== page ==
The Austrian Pine (Pinus nigra) as indicated by its name is native to Northern Europe and is known there as the Black Pine. Although this tree is indigenous to northern climates, it is very hearty and is able to survive in warmer climates as well.

Characteristics of the Austrian Pine include:

4.4 Sphaeropsis Blight/Diplodia Blight

Sphaeropsis blight, also referred to as Diplodia blight, is a devastating disease of pine trees, especially two and three needle pines growing under stressful conditions. The causal fungus, Sphaeropsis sapinea, is common in the northern and southern temperate regions around the world (Butin, 1995). In North America it occurs in California and western Canada and throughout the region delineated by Maine, Ontario, Montana, Oklahoma, and South Carolina. It causes tip blight, resinous cankers on main stems and branches, misshapen tops, death of cones, blight of seedlings, dieback or basal cankers accompanied by gray to black stain of sapwood, and sometimes death of the entire trees( Butin, 1995). In a given region, Sphaeropsis blight may cause severe damage to pine species introduced from elsewhere, but it seldom does much damage to trees planted within the natural range of their species. It rarely causes damage in natural forests.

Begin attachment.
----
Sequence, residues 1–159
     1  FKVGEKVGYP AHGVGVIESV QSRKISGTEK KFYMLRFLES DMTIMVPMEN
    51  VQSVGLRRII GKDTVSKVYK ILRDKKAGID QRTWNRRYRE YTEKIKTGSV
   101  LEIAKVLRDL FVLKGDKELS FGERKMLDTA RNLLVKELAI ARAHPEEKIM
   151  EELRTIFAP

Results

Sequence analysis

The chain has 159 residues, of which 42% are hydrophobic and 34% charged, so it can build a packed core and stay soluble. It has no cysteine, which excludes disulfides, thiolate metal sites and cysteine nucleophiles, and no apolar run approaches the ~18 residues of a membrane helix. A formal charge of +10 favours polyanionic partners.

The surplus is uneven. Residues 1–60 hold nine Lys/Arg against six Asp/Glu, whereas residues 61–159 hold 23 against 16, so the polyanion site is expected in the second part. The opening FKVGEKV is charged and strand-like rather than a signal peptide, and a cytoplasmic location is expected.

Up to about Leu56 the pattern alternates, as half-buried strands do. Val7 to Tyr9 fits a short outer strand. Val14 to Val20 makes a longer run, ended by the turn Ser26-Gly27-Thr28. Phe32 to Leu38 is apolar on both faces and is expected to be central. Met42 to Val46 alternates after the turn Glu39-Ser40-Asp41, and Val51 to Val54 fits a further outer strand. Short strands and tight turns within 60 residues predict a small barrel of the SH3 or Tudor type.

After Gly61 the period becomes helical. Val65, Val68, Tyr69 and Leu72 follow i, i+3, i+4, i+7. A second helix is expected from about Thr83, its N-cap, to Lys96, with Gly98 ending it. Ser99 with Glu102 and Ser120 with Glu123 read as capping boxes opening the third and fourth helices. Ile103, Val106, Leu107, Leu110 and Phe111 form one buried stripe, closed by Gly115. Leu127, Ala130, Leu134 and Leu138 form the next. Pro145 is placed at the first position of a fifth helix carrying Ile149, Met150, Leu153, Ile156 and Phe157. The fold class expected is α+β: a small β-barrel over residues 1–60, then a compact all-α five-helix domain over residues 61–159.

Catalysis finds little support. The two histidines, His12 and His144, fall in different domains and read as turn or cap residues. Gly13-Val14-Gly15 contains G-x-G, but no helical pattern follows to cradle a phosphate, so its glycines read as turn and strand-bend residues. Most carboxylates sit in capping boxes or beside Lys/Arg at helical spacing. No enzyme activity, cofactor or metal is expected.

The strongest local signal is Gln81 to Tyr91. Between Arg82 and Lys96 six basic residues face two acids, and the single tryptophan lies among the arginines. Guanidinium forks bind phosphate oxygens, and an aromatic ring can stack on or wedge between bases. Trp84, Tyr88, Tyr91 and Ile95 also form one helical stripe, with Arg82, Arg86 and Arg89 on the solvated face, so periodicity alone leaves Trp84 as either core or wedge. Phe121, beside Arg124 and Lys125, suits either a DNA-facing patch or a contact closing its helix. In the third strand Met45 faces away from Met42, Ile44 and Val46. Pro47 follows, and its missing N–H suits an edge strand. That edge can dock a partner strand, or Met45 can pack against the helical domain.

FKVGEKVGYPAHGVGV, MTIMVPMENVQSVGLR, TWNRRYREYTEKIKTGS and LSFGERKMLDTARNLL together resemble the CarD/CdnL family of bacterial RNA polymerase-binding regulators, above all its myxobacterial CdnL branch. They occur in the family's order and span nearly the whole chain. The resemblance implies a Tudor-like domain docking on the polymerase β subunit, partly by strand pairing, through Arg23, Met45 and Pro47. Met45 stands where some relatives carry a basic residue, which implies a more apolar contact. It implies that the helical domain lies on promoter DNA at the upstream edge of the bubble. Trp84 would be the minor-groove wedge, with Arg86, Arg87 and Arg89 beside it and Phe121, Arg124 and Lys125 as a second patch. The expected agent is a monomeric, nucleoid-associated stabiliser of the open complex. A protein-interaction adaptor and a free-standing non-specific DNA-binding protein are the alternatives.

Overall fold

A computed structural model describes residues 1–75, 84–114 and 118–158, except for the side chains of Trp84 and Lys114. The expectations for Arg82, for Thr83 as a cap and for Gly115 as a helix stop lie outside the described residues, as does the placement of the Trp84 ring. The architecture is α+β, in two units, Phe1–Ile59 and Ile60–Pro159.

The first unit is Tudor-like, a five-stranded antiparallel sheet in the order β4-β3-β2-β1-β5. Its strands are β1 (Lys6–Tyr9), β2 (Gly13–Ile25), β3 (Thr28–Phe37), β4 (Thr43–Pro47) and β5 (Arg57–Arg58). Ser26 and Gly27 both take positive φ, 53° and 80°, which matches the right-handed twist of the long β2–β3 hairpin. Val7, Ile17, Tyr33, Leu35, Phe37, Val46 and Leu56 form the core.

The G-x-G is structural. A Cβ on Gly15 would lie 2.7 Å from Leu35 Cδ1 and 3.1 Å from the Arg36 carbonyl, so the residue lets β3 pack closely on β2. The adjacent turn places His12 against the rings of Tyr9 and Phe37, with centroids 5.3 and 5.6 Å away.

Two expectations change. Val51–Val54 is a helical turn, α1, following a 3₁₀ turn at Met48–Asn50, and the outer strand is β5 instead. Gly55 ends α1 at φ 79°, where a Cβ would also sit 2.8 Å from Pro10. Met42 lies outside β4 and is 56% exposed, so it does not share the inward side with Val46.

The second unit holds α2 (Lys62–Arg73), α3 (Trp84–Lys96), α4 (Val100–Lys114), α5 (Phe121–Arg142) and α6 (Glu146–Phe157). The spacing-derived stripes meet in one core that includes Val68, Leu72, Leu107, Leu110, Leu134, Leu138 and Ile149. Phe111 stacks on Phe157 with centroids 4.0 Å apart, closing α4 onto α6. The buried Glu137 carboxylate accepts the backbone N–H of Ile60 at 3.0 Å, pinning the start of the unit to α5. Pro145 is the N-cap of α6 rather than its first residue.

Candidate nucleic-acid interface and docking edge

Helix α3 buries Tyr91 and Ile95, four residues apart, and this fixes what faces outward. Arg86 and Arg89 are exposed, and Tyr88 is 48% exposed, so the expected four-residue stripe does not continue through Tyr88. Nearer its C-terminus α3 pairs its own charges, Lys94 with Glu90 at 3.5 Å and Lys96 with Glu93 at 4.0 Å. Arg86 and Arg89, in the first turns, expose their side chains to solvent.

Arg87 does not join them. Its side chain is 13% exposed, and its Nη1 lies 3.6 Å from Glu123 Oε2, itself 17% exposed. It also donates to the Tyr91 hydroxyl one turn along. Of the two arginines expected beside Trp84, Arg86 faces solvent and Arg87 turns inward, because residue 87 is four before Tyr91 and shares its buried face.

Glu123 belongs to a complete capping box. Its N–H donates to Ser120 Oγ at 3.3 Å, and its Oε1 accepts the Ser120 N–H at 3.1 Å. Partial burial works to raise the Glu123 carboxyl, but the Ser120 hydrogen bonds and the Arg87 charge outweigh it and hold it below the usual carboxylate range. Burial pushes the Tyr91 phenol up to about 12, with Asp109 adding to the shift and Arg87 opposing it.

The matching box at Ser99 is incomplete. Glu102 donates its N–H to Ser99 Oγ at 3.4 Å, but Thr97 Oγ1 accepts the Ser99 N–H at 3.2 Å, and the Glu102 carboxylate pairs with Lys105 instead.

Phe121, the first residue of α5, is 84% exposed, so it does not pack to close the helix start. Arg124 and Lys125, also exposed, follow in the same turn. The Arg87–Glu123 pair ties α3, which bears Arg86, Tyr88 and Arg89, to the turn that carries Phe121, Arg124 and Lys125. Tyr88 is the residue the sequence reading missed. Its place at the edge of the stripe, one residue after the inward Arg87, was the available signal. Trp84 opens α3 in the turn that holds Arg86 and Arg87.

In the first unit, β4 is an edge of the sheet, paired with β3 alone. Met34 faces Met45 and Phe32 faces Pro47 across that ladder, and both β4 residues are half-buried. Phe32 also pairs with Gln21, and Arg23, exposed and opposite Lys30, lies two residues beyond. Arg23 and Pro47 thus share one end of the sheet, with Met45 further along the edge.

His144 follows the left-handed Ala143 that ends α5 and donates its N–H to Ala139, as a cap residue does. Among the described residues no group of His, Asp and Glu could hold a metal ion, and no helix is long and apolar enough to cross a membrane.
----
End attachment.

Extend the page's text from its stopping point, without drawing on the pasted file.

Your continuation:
Many pines and several other conifers are reported hosts of S. sapinea. Austrian pines are often the most damaged species in North America. This disease should be considered likely to colonize any pine and many other conifers that grow under unfavorable environmental conditions and among diseased and highly susceptible species such as the Austrian pine. These trees are vulnerable because they are sources of large numbers of infectious spores. Similarly, although S. sapinea is sometimes seed bourne, it has caused much noticeable damage in nurseries only where old infected pines near seedbeds served as source spores.